Friday, September 26, 2014

EDUCATION - Lifesaving Training, Changes Outlook for Young Men

"Lifesaving training changes outlook for young men in Oakland" PBS NewsHour 9/25/2014


GWEN IFILL (NewsHour):  The police shooting of Michael Brown in Ferguson, Missouri, last month cast a harsh spotlight on how a majority black city came to have so few black law enforcement officers.  In fact, in many communities around the country, police, fire and paramedic services remain predominantly white, no matter what the communities they protect look like.

In Oakland, California, a new effort is under way to change those statistics, and give young men of color new career opportunities.

Sarah Varney of Kaiser Health News collaborated with the NewsHour on this report.

SARAH VARNEY, Kaiser Health News:  Twenty-two-year-old Dexter Harris, who lives with his aunt near Oakland, California, is getting ready for a 12-hour shift as an emergency medical technician, or EMT, an entry-level job in the paramedic field.

Harris works full-time and supports himself and some of his family members.  But when he was younger, his life was headed in a very different direction.

DEXTER HARRIS:  I just thought I could just run around in the streets and make a living off that.  If you grew up like me, my house — home was kind of rocky.  You didn’t have somebody telling you, oh, you can be whatever you want to be.  You could be a doctor.  You could be a lawyer.  So you kind of start just looking up to the wrong people.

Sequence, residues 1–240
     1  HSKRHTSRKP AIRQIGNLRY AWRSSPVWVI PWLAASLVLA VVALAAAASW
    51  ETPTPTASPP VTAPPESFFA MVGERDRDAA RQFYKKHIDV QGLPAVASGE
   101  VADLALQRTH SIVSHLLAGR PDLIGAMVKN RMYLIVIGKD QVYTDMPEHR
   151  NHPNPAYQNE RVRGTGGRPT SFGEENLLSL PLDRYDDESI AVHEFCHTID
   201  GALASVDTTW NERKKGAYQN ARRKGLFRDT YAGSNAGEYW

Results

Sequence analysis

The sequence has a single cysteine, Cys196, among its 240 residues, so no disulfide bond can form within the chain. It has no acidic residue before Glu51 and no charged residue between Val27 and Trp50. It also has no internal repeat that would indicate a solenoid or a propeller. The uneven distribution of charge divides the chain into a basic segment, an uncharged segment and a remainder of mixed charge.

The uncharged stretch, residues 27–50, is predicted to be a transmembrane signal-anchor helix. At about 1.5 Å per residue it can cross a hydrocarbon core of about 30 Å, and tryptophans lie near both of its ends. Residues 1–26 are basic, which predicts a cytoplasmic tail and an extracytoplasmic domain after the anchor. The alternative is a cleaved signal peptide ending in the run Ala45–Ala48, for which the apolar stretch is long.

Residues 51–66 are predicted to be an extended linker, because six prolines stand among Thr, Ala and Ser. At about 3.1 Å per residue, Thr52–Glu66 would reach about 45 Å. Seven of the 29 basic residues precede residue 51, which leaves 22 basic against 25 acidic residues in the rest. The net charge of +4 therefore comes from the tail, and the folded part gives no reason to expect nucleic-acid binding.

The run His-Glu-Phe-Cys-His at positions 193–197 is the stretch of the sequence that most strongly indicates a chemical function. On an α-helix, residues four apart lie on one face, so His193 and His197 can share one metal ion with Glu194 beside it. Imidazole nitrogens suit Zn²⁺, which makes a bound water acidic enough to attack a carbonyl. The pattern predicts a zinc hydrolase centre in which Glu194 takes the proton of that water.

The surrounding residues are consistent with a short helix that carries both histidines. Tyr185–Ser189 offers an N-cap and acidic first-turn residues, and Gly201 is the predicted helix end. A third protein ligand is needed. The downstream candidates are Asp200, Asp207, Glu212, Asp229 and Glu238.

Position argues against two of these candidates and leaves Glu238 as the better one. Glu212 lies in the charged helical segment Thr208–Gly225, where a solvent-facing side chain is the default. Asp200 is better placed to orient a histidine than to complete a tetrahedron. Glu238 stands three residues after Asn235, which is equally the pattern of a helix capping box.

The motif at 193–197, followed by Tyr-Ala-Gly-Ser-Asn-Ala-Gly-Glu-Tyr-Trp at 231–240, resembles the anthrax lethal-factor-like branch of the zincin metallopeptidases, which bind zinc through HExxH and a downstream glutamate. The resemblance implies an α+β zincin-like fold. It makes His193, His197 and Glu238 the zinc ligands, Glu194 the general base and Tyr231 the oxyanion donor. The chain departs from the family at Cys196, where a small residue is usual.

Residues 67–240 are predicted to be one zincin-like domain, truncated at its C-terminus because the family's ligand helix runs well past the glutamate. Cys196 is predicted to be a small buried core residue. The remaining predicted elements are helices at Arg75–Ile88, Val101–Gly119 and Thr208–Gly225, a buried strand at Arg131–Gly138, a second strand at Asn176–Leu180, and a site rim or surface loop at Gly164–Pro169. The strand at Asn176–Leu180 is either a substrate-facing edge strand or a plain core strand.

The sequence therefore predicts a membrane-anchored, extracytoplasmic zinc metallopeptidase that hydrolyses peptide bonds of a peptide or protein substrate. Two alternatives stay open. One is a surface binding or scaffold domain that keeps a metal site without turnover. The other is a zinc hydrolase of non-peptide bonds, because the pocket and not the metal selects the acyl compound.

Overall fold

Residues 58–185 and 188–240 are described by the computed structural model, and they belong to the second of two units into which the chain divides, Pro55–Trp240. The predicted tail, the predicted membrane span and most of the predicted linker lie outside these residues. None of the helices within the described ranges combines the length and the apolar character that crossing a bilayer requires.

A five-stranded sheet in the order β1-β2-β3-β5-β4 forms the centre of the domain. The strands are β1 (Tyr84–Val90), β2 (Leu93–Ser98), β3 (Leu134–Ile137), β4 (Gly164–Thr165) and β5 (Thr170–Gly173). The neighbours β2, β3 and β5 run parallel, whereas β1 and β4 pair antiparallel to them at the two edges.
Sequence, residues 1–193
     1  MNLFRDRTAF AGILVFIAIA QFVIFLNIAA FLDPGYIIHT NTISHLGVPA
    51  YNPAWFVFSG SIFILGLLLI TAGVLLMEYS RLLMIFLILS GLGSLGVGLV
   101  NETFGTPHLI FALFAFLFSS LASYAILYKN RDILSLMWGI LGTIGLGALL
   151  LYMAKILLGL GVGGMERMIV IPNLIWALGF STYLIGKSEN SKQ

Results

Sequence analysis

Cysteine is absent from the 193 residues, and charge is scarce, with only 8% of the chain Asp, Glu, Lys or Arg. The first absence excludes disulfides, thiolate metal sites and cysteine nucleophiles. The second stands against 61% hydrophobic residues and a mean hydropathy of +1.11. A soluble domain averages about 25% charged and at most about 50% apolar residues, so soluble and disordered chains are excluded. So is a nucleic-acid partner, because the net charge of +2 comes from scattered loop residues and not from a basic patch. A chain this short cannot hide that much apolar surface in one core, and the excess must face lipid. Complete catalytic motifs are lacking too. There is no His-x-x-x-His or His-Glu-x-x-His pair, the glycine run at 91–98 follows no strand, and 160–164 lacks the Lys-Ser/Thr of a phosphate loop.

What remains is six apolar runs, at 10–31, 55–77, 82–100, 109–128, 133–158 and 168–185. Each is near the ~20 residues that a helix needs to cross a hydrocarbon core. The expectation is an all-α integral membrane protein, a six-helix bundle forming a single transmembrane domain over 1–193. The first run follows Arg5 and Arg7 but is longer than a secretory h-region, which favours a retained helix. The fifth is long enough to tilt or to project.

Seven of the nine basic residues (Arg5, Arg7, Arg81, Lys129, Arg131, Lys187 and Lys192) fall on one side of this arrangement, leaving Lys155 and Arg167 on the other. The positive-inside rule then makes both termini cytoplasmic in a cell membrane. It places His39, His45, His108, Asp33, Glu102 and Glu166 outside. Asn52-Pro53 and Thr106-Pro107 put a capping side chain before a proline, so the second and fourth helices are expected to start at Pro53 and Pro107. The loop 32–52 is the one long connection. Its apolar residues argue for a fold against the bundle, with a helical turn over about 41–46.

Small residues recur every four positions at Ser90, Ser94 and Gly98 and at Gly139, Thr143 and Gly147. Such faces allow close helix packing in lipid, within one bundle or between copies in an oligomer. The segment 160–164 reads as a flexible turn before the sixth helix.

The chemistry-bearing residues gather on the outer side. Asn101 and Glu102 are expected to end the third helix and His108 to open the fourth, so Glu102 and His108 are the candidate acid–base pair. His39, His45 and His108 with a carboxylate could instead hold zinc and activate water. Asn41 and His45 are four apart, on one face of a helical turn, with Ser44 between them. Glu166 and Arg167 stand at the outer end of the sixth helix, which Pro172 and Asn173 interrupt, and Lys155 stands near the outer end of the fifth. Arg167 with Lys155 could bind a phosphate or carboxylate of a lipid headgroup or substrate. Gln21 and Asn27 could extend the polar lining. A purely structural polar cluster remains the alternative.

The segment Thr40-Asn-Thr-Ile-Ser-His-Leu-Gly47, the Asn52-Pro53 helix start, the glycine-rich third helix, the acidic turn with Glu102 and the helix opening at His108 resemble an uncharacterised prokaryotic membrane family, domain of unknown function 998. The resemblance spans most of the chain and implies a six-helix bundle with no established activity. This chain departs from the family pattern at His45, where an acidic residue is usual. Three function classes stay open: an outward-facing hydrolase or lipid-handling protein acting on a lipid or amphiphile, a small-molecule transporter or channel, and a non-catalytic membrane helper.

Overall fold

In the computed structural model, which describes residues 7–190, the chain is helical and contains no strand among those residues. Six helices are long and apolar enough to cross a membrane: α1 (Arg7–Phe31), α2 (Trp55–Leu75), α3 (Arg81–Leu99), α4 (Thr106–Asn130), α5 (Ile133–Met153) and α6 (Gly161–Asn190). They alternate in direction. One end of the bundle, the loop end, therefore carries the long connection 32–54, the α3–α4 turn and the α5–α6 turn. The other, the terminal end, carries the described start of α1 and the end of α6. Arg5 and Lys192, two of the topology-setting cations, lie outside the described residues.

SARAH VARNEY:  Harris spent nine months in a juvenile detention center when he was 17, a common experience for many young men of color in Alameda County, which includes Oakland.

Here, black and Latino youth account for nearly 90 percent of those detained in juvenile hall.  And school dropout and unemployment rates for that population are among the highest in the country.  But while he was in juvenile hall, Harris’ life took a dramatic turn when he was recruited for a new county program that not only trained him how to be an EMT, but profoundly altered what he thought he could do with his life.

WOMAN:  Come on.

MAN:  One, two, three, four, five, six.

SARAH VARNEY:  The program is called EMS Corps.  And on a recent afternoon, 25 students in the current class were practicing basic life support skills under the watchful eye of instructor Maria Garcina (ph).

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